China on Thursday moved to eliminate all trace of a sexist commentary article in its state-run media saying that Taiwan president Tsai Ing-wen has a more emotional style and more radical political views because she is single.
The article, which prompted international outrage, was quickly deleted by its original publisher, state-run news site Xinhuanet.
Now, China's propaganda czars have ordered that it be deleted from all websites on the country's tightly controlled Internet, because its wording was "inappropriate," according to a leaked directive posted by the China Digital Times (CDT).
"To All Media: Please delete the Xinhua Online article 'Scrutinizing Tsai Ing-wen'," the directive, translated by CDT, said.
"Its wording is inappropriate, and its appearance on media sites is having a bad influence on public opinion," the order, dated May 25, said.
It said all reports relating to Taiwan "must go through responsible media personnel before they are published."
'Emotional, personal and extreme'
The article quoted a People's Liberation Army (PLA) analyst and Chinese government adviser on Taiwan relations, Wang Weixing, as saying that Tsai's politics are affected by her status as a "single woman."
"In her political style and her political strategy, she has a tendency to be emotional, personal and extreme," the article said.
'In terms of political tricks, she considers strategy less, tactical details more, and short-term goals are paramount, while long-term goals are less taken into account," Wang wrote.
Outraged Taiwanese politicians and netizens hit out at the article on Thursday.
"It's such a ridiculous remark and discrimination against single people. Everyone has the right to choose his or her lifestyle by having partners or staying single and that should be respected," DPP lawmaker Yeh Yi-chin told Agence France-Presse, while fellow legislator Wang Yu-min said the attack on Tsai was "extremely improper."
"It's gender discrimination and we strongly oppose such remarks," Wang Yu-min, whose nationalist Kuomintang (KMT) party lost resoundingly to Tsai's Democratic Progressive Progressive Party (DPP) in January polls that netted the island its first woman president.
Online comments on both sides of the Taiwan Strait also slammed the article as sexist and inappropriate.
"This is so North Korean," wrote user @ganzhichunqiu, while @changjiangliaowang commented that Wang Weixing "must be weak in the head ... such personal attacks have lowered the bar even for our state media and propaganda departments. It's embarrassing. The state is keeping a bunch of pigs [officials]."
Others hit out at the lack of family values among the ruling Chinese Communist Party political elite.
"Oh, and the second-generation red elite knows about love, do they?" commented user @qinjinyikeqiaola, while @liweiLions_Pride quipped sarcastically: "China's leaders have so many spouses, and they treat the country as they would their own family, and its people as their sons and daughters."
Laughing stock fears
Others feared the public relations effects of the article. "Such a moronic article ... will make us a laughing stock overseas," one user added.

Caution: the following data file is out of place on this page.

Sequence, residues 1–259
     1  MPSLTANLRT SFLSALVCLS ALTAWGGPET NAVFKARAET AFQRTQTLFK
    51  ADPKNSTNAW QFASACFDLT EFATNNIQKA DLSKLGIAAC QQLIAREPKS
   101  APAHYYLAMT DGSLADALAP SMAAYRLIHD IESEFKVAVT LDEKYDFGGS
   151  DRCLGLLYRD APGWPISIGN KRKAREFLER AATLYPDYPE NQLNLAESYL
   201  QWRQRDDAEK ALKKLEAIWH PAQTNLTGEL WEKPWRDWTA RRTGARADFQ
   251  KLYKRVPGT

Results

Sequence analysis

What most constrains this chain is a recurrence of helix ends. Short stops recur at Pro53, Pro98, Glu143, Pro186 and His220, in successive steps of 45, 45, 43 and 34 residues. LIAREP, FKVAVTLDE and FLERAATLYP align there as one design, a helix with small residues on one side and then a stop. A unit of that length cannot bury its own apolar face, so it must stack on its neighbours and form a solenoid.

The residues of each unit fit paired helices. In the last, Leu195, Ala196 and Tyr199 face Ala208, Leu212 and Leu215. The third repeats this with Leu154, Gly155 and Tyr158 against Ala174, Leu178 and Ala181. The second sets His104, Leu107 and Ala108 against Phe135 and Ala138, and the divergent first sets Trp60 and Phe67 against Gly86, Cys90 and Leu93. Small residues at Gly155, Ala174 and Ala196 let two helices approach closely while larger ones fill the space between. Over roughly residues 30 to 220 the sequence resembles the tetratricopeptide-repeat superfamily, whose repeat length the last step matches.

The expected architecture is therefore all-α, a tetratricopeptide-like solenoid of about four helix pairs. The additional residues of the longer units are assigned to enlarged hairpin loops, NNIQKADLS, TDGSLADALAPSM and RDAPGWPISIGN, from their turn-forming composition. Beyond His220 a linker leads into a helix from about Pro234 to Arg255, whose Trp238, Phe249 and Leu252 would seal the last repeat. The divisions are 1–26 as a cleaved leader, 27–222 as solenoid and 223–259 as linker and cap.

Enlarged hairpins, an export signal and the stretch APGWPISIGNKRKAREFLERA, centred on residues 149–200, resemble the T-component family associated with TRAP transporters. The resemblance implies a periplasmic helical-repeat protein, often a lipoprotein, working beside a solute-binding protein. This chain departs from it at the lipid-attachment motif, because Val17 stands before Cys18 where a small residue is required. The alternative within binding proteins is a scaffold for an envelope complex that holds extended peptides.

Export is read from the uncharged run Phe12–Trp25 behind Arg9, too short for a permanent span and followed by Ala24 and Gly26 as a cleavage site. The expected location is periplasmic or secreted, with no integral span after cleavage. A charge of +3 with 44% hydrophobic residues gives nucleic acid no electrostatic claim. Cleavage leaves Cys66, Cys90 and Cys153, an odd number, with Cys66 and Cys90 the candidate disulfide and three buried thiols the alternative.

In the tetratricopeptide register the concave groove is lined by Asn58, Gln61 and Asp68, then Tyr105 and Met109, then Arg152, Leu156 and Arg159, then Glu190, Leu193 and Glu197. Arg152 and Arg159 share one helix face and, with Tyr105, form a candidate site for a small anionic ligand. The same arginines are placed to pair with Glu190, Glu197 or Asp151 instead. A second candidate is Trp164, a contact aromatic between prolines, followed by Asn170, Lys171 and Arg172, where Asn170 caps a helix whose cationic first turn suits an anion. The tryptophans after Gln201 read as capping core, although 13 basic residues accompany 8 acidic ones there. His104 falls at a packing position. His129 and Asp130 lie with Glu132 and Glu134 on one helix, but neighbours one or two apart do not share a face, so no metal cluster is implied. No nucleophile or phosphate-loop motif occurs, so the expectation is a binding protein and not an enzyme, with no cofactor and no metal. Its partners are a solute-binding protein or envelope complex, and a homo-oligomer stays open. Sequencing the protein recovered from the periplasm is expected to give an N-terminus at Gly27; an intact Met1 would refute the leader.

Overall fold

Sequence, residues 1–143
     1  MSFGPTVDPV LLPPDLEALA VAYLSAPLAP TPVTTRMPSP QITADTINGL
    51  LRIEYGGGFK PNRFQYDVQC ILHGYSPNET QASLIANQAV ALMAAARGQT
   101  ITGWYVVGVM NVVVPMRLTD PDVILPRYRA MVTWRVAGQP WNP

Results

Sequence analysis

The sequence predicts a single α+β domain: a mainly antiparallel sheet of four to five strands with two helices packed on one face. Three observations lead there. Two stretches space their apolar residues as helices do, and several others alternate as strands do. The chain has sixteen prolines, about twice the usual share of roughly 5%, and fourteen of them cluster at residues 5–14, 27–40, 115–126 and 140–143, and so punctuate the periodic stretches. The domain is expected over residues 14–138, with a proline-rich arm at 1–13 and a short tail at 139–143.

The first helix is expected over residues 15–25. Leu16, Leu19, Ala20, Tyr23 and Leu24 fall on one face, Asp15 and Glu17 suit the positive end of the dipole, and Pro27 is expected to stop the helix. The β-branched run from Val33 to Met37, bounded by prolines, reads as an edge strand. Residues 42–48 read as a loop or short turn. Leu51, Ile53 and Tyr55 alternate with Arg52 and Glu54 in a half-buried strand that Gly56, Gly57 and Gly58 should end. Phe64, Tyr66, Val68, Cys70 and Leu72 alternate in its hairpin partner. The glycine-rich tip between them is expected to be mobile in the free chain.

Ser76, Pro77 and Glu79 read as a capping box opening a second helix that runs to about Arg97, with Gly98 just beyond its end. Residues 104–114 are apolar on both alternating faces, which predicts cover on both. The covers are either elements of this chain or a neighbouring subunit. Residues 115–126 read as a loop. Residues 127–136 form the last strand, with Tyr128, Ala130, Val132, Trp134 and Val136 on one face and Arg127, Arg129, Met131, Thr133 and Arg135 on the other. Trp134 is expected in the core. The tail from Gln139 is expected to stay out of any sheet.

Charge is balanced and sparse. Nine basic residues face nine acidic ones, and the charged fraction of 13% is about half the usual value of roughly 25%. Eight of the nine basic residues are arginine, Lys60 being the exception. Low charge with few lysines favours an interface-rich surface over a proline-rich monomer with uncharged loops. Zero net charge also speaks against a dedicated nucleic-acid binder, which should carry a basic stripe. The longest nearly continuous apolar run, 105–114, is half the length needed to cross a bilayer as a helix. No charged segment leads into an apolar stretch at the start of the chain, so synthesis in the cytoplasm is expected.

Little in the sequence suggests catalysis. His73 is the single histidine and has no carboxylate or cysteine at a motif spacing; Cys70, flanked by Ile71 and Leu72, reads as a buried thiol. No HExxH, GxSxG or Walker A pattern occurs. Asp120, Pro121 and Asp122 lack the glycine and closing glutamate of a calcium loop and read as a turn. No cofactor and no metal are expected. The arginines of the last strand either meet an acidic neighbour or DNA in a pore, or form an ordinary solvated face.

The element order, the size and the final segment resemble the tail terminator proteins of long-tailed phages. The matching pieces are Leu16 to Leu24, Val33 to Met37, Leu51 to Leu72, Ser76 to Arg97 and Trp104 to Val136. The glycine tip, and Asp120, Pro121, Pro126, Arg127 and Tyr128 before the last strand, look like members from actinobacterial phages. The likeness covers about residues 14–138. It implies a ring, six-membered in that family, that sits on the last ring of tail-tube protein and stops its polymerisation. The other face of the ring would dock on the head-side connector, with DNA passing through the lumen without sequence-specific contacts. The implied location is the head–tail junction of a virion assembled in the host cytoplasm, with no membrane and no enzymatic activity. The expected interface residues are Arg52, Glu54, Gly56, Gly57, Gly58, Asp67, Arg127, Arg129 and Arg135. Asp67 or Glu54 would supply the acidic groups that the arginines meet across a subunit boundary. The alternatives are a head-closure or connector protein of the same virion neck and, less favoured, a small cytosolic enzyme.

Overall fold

In Taiwan, one Facebook user commented on Taiwan Liberty Times newspaper page: "A chauvinist pig who hurts damages gender equality. Why doesn't he have a go at those married male politicians who have extramarital affairs?"
Another commented on the Apple Daily website: "So it's a crime to be single? These comments just show how twisted China is," while another user said simply: "China is so barbaric."
China's foreign ministry spokeswoman Hua Chunying declined to comment on the article, which was deleted soon after publication, on Thursday.
"I have no comment to make on that," she told a regular news briefing in Beijing.
The ruling Chinese Communist Party has warned Tsai she may be making trouble for herself if she fails to endorse a 1992 agreement between Taiwan and Beijing officials agreeing that there is only one China, but allowing each side to interpret that how they choose.
Tsai, 59, is an academic-turned-politician who taught international trade law for 16 years, and who has served both as trade negotiator and mainland affairs adviser to successive Taiwan governments.
She mentioned the 1992 talks in her inauguration speech last Friday, but stopped short of endorsing the consensus.
The KMT, which represented the island at the 1992 talks, regarded itself as the legitimate rulers of a post-1911 Republic of China that had been "temporarily" relocated to Taiwan after losing the civil war to Mao Zedong's communists in 1949.
But Tsai was voted into power on a DPP platform that at the very least affirms the island's separate identity from mainland China.
Tsai won a landslide victory in January over her KMT predecessor Ma Ying-jeou, who had come under increasing fire over plans for ever-closer economic and trade ties with China.
Tsai, who took around 56 percent of the vote, also saw her mandate bolstered further by an unprecedented DPP victory in elections to the island's parliament, the Legislative Yuan.
Repeated polls have shown that many of Taiwan's 23 million residents identify as Taiwanese rather than Chinese, and that there is broad political support for de facto self-rule, if not formal independence.
Taiwan was governed separately from mainland China throughout the Japanese occupation (1895-1945) and since 1949, and has never been part of communist China.
Beijing has said it is willing to deal with any party in Taiwan, as long as they recognize both sides of the Taiwan Strait belong to one China and don't allow the island to move towards independence.
Reported by Xi Wang for RFA's Mandarin Service. Translated and written in English by Luisetta Mudie.